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Extension that combines the flexibility of Cookiecutter templates with the power of PyScaffold.

Cookiecutter is a flexible utility that allows the definition of templates for a diverse range of software projects. On the other hand, PyScaffold is focused in a good out-of-the-box experience for developing distributable Python packages (exclusively). Despite the different objectives, it is possible to combine the power of both tools to create a custom Python project setup.


This extension can be directly installed with pip:

$ pip install pyscaffoldext-cookiecutter

Or, if you prefer pipx:

$ pipx install pyscaffold  # if you haven't installed pyscaffold yet
$ pipx inject pyscaffold pyscaffoldext-cookiecutter

Note that, after the installation, putup -h will show a new option --cookiecutter TEMPLATE. Use this option to point out which template you want to use (path or url). The file structure created by Cookiecutter will be refined by PyScaffold afterwards. For example:

$ putup my-proj1 --cookiecutter ~/my-templates/default
$ putup my-proj2 --cookiecutter gh:something/from-github

Please refer to Cookiecutter documentation for more details on possible URLs and abbreviations.

Cookiecutter templates with PyScaffold

The following example shows how to create a new package named mypkg, that uses a Cookiecutter template, but is enhanced by PyScaffold’s features:

$ putup mypkg --cookiecutter gh:pyscaffold/cookiecutter-pypackage

This is roughly equivalent to first create a project using the Cookiecutter template and convert it to PyScaffold afterwards:

$ cookiecutter --no-input gh:pyscaffold/cookiecutter-pypackage project_name=mypkg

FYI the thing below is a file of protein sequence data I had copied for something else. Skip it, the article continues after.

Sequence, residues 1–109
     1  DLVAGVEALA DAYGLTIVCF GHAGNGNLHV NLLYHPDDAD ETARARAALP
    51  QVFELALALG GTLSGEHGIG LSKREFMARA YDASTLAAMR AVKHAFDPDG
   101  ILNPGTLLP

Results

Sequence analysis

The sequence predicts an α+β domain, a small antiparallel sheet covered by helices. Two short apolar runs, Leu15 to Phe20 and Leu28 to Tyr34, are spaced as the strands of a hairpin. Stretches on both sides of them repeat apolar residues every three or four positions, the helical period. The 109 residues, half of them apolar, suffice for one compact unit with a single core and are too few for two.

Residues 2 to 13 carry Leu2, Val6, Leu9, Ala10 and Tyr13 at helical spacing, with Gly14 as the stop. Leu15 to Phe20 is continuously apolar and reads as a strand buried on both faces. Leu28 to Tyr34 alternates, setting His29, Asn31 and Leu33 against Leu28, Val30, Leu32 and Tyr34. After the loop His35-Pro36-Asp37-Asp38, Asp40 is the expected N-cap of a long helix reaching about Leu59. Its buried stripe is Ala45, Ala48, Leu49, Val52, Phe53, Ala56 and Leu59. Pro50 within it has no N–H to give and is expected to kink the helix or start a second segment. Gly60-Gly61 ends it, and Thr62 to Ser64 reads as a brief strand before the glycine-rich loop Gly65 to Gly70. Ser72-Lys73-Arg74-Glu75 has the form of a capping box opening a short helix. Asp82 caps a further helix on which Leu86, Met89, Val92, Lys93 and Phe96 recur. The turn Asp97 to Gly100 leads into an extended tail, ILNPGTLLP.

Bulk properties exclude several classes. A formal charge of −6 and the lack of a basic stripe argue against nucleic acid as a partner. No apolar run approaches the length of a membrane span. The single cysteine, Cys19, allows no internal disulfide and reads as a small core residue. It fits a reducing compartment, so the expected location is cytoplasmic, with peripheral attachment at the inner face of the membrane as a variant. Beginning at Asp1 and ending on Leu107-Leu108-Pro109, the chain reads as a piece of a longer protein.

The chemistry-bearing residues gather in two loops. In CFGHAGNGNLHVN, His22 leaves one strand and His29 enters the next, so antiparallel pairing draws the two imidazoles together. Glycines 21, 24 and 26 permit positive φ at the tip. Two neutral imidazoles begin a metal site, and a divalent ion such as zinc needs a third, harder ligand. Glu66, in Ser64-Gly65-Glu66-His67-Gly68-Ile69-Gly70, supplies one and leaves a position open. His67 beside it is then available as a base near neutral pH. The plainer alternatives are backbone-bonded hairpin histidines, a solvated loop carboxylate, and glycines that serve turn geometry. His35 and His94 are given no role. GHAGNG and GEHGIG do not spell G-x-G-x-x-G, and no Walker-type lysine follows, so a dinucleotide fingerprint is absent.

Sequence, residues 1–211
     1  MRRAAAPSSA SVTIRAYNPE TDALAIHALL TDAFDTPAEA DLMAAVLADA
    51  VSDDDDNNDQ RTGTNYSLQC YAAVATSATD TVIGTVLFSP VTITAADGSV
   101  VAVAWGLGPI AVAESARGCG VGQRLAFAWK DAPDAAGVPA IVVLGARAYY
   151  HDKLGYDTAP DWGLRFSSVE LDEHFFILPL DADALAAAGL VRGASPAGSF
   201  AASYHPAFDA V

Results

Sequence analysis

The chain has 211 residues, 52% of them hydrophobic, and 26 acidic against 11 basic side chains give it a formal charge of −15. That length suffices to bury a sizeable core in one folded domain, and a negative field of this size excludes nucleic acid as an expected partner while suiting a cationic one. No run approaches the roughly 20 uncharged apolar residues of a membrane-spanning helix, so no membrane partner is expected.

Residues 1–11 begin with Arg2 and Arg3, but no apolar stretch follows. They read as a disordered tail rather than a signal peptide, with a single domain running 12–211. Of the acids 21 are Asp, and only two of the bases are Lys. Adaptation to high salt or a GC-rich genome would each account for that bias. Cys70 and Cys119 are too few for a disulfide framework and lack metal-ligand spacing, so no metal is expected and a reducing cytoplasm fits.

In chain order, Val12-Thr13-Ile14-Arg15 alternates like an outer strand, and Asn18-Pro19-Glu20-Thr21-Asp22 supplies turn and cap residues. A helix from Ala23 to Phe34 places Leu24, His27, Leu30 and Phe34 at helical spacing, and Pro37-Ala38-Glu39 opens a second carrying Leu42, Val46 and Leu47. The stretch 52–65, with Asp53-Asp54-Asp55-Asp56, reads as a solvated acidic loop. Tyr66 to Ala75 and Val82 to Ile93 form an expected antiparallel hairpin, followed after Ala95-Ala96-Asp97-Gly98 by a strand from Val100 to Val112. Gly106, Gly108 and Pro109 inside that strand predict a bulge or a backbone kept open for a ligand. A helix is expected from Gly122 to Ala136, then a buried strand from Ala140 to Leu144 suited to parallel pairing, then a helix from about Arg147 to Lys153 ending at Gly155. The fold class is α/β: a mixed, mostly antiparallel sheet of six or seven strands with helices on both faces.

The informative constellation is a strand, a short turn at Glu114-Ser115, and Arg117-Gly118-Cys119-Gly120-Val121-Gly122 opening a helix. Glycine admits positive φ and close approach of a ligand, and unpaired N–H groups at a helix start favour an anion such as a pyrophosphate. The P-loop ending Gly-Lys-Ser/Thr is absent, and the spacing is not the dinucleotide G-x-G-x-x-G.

$ putup mypkg --force


For complex Cookiecutter templates calling cookiecutter and putup separately may be a better option, since it is possible to answer specific template questions or at least set values for Cookiecutter variables.


Although using Cookiecutter templates is a viable solution to customize a project that was set up with PyScaffold, the recommended way is to help improve PyScaffold by contributing an extension.

Suitable templates

Note that PyScaffold will overwrite some files generated by Cookiecutter, like, the file under the package folder and most of the docs folder, in order to provide setuptools_scm and sphinx integration. Therefore not all Cookiecutter templates are suitable for this approach.

Ideally, interoperable templates should focus on the file structure inside the src folder instead of packaging or distributing, since PyScaffold already handles it under-the-hood. This also means that your template should adhere to the src-layout if you want to generate files within your Python package.

In addition, PyScaffold runs Cookiecutter with the --no-input flag activated and thus the user is not prompted for manual configuration. Instead, PyScaffold injects the following parameters:


Accordingly, the template file structure should be similar to:

└── {{cookiecutter.project_name}}/
    └── src/
        └── {{cookiecutter.package_name}}/
            └── ...

See Cookiecutter for more information about template creation.


PyScaffold uses Cookiecutter only for its ability to create files. Pre/post hooks that perform any other kind of side effect are not guaranteed to work.


This project has been set up using PyScaffold 3.2. For details and usage information on PyScaffold see